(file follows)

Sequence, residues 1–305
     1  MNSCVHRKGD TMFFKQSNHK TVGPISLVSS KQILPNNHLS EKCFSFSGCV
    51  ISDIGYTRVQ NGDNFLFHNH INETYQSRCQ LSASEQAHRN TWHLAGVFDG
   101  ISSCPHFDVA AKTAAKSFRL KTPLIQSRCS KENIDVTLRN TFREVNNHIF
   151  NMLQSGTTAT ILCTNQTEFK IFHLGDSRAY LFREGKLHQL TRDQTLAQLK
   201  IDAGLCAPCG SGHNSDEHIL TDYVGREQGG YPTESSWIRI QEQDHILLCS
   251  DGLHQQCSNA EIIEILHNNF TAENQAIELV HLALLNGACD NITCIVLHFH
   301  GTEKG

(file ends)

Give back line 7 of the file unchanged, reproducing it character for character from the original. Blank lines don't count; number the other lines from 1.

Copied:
   251  DGLHQQCSNA EIIEILHNNF TAENQAIELV HLALLNGACD NITCIVLHFH